MANHATTAN (CN) — The New York attorney general cannot force the shuttering of the National Rifle Association, a state judge ruled on Wednesday.
“Her allegations concern primarily private harm to the NRA and its members and donors, which if proven can be addressed by the targeted, less intrusive relief she seeks through other claims,” Manhattan Supreme Court Judge Joel Cohen wrote this afternoon, referring to a dissolution action brought by Attorney General Letitia James.
“The complaint does not allege that any financial misconduct benefited the NRA, or that the NRA exists primarily to carry out such activity, or that the NRA is incapable of continuing its legitimate activities on behalf of its millions of members,” Cohen added.
James brought the suit to dissolve the powerful gun lobby in August 2020, saying NRA CEO Wayne LaPierre and other executives used the nonprofit as a “personal piggy bank” to pay for private jet rides and trips, among other expenditures.
As Cohen determined Wednesday, however, “the complaint does not allege the type of public harm that is the legal linchpin for imposing the ‘corporate death penalty.’”
“Moreover,” the 42-page opinion continues, ”dissolving the NRA could impinge, at least indirectly, on the free speech and assembly rights of its millions of members. While that alone would not preclude statutory dissolution if circumstances otherwise clearly warranted it, the Court believes it is a relevant factor that counsels against State-imposed dissolution, which should be the last option, not the first.”
In its September motion to dismiss, the National Rifle Association accused Attorney General James of attempting to “silence the constitutionally guaranteed political speech of its 5 million members” based on the actions of five board members and two of the organization’s executives.
Attorney General James said Wednesday that the NRA still has a long road of litigation ahead of it.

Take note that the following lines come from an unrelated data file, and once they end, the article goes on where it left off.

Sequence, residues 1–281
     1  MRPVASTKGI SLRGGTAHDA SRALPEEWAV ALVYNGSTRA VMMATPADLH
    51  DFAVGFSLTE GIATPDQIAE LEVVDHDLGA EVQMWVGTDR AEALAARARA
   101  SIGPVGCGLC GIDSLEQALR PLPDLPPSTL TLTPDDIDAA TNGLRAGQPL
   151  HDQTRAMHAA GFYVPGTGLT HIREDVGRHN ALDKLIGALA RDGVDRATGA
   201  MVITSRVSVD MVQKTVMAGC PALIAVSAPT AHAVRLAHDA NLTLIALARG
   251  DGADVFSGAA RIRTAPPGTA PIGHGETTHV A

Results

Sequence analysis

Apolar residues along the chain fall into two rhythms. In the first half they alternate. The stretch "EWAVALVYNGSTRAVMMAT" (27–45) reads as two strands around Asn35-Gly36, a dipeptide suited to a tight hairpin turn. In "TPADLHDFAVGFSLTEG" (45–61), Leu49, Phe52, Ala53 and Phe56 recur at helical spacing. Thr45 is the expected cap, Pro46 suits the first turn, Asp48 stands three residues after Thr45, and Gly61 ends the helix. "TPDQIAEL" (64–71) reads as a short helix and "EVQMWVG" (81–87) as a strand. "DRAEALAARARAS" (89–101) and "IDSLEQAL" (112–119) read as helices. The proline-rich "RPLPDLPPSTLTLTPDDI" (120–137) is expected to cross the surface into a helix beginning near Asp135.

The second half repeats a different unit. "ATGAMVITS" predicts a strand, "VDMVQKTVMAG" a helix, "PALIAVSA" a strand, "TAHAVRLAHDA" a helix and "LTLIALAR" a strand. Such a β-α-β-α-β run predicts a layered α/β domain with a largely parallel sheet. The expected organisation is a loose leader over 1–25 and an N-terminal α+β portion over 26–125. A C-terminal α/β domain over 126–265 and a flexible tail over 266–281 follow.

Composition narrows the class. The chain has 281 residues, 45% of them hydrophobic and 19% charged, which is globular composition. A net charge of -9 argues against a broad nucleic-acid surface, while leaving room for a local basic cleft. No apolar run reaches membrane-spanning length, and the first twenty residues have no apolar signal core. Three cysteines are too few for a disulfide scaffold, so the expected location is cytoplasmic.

“Today, the court affirmed my office’s right to pursue its long-standing claims that fraud, abuse, and greed permeate through the NRA and its senior leadership,” James said in a statement this afternoon. “While we’re heartened that the judge rejected the NRA’s attempts to thwart most of the claims in our case against the NRA, we are disappointed that the judge ruled against the dissolution portion of the case."
While Justice Cohen granted the NRA’s motion to dismiss motions for dissolution and also tossed out unjust-enrichment claims and counts under the New York Prudent Management of Institutional Funds Act, he denied the NRA’s remaining motions to dismiss the state’s case — a point he emphasized at the top of his ruling.
“The Attorney General’s allegations in this case, if proven, tell a grim story of greed, selfdealing, and lax financial oversight at the highest levels of the National Rifle Association,” the opinion states. “They describe in detail a pattern of exorbitant spending and expense reimbursement for the personal benefit of senior management, along with conflicts of interest, related party transactions, coverups, negligence, and retaliation against dissidents and whistleblowers who dared to investigate or complain, which siphoned millions of dollars away from the NRA’s legitimate operations.”
Judge Cohen observed in a footnote that the attorney general’s claims against the NRA are not in any way on the content of the group’s gun rights advocacy. “To the extent this case involves consideration of constitutional rights, it concerns the First Amendment, not the Second,” he wrote in a footnote.
During oral arguments last week, Assistant Attorney General Monica Connell told the court it would "set terrible precedent” if it allowed the NRA’s counterclaims to proceed to discovery, essentially giving the targets of investigations carte blanche to "harry prosecutors."
“Fraud and illegal conduct are not entitled to First Amendment protection," Connell said.
“We have been very clear the First Amendment activities of the NRA are not the subject of this action at all," she added. "It is the fraud, it is the theft, it is the waste, it is the related-party transactions, it is everything else."
The NRA attempted to circumvent the suit by New York regulators by filing for bankruptcy protection in Dallas last year and announcing plans to reincorporate in the Lone Star State. Those maneuvers fell apart, however, when a Texas judge tossed the bankruptcy case for bad faith four months later.
The tax-exempt gun-rights group, which is headquartered in the wealthy Washington, D.C., suburb of Fairfax, Virginia, claimed in its Chapter 11 filing that it had between 200 and 999 creditors, between $100 million and $500 million in assets, and between $100 and $500 million in liabilities.
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